PEORIA, Ill. (WMBD) — Children are more stressed than ever.
“I have definitely seen an increase in children needing mental health care in the past few years,” said Dr. Kapil Aedma, a child psychiatrist with UnityPoint Health.
He said the amount of referrals from primary care doctors has gone up by at least 50%.
The country was already seeing an increase in mental health issues among children, and Aedma said the pandemic and its fallout have exacerbated the issue.
Aedma pointed out, however, that the increase in diagnosis or treatments for mental health issues is also the result of a broader awareness of mental health issues.
“The stigma has been going down, day by day,” he said. “More people are seeking out mental help. At the same time, the increase in stressors, both because of societal changes and environmental exposures … are contributing to the increase in mental health problems across all ages.”
School, sports, tests, etc. can be stressors for any child growing up. Aedma said most children deal with those stressors appropriately; it’s the ones who do not handle the stress well that show red flags for mental health issues.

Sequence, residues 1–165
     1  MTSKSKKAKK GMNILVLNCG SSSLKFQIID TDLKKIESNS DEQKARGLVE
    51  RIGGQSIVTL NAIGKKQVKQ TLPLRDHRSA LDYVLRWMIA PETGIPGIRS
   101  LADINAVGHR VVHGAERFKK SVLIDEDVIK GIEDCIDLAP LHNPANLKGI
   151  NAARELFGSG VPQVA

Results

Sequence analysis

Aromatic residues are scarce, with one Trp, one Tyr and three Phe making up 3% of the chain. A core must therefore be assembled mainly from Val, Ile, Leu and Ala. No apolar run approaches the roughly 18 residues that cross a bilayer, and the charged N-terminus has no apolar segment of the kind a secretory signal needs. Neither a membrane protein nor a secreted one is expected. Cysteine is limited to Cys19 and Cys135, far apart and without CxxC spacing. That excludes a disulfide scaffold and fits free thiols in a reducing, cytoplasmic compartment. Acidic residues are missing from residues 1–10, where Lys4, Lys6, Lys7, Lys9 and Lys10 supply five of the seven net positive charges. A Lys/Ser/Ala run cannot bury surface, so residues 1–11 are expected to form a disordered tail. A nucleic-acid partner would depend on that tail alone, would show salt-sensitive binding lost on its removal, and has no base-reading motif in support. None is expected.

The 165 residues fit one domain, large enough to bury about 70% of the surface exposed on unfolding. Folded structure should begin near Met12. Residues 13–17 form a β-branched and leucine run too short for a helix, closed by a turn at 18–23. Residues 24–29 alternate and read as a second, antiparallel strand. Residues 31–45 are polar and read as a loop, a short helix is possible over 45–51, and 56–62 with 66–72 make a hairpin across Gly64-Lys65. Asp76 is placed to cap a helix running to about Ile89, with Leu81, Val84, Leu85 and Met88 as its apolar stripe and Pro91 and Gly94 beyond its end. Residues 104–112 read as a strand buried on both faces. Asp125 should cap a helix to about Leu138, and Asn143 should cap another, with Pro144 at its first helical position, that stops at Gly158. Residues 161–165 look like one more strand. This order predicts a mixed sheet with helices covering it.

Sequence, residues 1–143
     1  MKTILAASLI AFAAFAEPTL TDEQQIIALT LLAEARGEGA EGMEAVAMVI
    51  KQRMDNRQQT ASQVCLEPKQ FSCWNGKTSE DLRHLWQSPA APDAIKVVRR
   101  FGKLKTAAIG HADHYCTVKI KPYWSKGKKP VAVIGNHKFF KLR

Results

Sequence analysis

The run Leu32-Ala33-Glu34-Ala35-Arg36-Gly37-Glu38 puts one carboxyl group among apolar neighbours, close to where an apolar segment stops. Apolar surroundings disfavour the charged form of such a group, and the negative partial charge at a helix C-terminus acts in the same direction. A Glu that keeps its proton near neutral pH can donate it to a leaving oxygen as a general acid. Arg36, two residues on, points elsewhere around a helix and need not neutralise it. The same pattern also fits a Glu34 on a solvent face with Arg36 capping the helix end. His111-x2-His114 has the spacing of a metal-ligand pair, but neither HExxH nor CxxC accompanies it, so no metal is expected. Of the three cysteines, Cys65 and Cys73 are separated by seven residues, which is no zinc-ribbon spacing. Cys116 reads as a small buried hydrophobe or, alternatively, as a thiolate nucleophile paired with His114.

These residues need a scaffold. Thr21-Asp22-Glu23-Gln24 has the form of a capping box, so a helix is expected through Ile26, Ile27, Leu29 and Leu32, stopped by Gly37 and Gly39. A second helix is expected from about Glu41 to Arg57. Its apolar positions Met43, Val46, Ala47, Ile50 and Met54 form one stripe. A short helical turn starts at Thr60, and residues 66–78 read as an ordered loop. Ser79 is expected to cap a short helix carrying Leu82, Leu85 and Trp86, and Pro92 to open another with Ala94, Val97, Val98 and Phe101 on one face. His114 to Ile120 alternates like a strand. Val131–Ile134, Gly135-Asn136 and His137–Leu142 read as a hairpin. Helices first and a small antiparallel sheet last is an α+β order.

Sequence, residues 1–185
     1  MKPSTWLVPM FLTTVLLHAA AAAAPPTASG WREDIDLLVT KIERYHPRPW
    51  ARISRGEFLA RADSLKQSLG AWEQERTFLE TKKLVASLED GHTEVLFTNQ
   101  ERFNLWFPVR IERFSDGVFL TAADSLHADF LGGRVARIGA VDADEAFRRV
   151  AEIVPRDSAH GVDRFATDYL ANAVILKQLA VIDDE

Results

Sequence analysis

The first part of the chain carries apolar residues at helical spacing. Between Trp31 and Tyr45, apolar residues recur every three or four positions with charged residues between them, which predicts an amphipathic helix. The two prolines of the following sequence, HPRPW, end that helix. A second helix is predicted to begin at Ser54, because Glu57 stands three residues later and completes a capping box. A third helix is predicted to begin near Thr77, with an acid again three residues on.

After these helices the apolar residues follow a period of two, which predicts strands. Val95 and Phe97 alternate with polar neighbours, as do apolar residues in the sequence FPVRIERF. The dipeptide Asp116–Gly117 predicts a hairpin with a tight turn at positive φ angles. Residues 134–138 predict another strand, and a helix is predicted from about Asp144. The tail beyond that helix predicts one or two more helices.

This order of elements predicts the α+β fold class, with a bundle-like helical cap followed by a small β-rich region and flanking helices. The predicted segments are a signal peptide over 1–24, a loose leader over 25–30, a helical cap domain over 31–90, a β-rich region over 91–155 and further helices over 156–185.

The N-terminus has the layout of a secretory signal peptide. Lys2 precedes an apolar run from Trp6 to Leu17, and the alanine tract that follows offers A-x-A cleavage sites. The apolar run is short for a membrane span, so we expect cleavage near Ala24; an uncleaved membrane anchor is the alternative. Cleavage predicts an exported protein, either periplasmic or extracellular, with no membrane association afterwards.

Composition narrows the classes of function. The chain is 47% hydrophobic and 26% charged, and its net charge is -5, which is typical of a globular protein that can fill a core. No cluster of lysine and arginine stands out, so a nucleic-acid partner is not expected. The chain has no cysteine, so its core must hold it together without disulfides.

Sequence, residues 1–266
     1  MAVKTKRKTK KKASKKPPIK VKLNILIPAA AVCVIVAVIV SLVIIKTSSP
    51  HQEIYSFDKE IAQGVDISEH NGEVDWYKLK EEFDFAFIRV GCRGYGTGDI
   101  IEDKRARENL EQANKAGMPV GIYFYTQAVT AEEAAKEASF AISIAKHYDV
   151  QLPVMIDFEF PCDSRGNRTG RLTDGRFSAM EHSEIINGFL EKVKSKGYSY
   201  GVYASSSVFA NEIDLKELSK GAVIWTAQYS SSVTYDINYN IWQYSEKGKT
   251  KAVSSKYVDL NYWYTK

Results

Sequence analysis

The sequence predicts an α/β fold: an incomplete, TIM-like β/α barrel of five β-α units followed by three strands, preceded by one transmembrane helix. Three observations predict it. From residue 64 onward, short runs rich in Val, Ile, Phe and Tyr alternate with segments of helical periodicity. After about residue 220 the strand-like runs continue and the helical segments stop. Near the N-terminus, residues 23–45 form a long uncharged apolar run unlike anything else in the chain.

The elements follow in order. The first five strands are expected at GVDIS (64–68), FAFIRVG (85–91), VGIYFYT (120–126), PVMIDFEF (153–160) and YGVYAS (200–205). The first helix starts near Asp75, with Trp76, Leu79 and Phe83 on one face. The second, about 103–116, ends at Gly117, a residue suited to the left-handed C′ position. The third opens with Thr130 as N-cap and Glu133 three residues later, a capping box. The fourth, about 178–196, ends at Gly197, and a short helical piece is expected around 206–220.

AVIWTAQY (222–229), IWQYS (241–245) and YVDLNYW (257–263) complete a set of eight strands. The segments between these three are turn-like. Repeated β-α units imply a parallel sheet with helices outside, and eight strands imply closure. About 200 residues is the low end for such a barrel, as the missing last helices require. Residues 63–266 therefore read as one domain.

“Over the past few years, the pandemic and how they are doing things, and the changes in political affairs, and obviously exposure to a lot of things on social media, has affected the exposure to negative things that can increase their stress levels and cause more mental problems,” Aedma said.
How can communities help their youth with high stress levels?
“As a parent, you have to be role models for your kids,” Aedma said. “You have to learn how to deal with stress yourself.”
He mentioned meditation, relaxation techniques, art, exercising, and maintaining healthy habits as ways to combat stress.
Parents should also take the time to listen to their children’s struggles and validate their feelings. He said often, complaints are dismissed. He also emphasized making time for family activities.